Ptolemaic/Early Roman portraits are examined using a combination of detailed stylistic evaluation, philological analysis of the inscriptions and historical and prosopographical investigation of the individuals portrayed. The emergence of this type of sculpture has been contextualised, both geographically and chronologically, as it belongs to a wider Mediterranean horizon.

The analysis has revealed that eminent members of the Egyptian elite decided to be represented in an innovative way, echoing the portraits of eminent Romans of the Late Republic, whose identity was surely known in Egypt.
Editors: Weippert and Baruch Halpern
The Near East has witnessed several of the world's earliest major civilizations and is the cradle of its three monotheistic religions.
The Studies in the History and Culture of the Ancient Near East are concerned with political, social and economic history;religion; the state, kingship and administration; agriculture, husbandry, nutrition, crafts and education; science and technology; literature and performing arts; et cetera.
Geographically the series covers the fertile crescent, Anatolia, Cyprus , Iran and the Arabian peninsula, while chronologically the period from early historical times to about 600 A.D. is covered.
The series includes monographs on substantial subjects, thematic collections of articles, and handbooks The Volumes contribute to scholarly research. Their accesibility is enhanced by a proper organization of the contents and, wherever appropriate, by indexes. They include introductions placing the subjects of the context of pertinent developments of the time, and of current research.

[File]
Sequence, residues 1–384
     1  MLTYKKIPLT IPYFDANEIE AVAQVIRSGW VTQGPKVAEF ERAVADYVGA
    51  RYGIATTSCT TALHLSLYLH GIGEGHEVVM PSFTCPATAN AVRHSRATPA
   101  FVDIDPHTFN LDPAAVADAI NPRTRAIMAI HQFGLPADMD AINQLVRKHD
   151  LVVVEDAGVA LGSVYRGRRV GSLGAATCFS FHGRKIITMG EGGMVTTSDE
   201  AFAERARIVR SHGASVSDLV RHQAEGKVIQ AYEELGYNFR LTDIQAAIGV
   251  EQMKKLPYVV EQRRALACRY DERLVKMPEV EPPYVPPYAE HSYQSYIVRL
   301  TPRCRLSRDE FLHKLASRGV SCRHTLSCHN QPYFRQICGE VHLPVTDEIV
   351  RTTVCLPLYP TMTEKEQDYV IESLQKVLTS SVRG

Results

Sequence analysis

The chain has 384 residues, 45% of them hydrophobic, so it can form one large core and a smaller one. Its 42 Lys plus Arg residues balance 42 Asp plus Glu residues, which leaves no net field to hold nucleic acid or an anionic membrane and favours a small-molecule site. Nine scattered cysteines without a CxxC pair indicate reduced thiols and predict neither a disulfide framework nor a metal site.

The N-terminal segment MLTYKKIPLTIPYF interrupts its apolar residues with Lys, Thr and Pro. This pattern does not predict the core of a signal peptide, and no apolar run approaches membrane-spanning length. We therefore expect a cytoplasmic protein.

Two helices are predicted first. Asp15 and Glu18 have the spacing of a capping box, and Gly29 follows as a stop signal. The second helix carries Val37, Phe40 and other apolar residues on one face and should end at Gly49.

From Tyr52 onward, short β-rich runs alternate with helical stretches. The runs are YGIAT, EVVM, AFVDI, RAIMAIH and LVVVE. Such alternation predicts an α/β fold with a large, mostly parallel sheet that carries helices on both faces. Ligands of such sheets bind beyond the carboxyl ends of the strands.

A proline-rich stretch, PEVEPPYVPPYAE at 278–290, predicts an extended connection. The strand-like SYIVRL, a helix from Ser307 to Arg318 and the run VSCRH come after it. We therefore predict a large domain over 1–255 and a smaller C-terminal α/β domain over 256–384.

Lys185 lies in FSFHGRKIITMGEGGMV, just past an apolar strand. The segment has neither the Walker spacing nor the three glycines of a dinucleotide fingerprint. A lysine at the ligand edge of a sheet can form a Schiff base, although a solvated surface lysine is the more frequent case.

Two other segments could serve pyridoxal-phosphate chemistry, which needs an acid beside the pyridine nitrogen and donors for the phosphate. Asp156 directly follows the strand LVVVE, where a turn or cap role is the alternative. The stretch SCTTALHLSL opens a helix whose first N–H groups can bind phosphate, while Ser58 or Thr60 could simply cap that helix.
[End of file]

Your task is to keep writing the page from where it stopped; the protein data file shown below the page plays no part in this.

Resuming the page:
The Volumes are in English, occasionally in German or French.
The Volumes are as a rule between 200 and 450 printed pages.
In his new monograph Early Arsakid Parthia (ca. 250-165 B.C.): At the Crossroads of Iranian, Hellenistic, and Central Asian History, Marek Jan Olbrycht explores the early history of the Arsakid Parthian state. Making use of literary and epigraphic evidence as well numismatic and archaeological sources, Olbrycht convincingly depicts how the Arsakid dynasty created a kingdom (248 B.C.-A.D. 226), small at first, which, within a century after its founding, came to dominate the Iranian Plateau and portions of Central Asia as well as Mesopotamia. The “Parthian genius” lay in the Arsakids’ ability to have blended their steppe legacy with that of sedentary Iranians, and to have absorbed post-Achaemenid Iranian and Seleukid socio-economic, political, and cultural traditions.
Proceedings of an Eighth Symposium on the Hebrew of the Dead Sea Scrolls and Ben Sira
Volume Editor: Steven Fassberg
The 21 essays in this volume deal with the language and text of Hebrew corpora from the Second Temple period. They were originally presented at the Eighth International Symposium on the Hebrew of the Dead Sea Scrolls and Ben Sira, held in January 2016 in Jerusalem.
Most of the papers focus on the Hebrew of the Dead Sea Scrolls in the light of First and Second Temple Hebrew. A few of the contributions are devoted primarily to the language of Ben Sira, Samaritan Hebrew, and Mishnaic Hebrew. You will find discussions of orthography, phonology, morphology, syntax, lexicon, language contact, and sociolinguistics.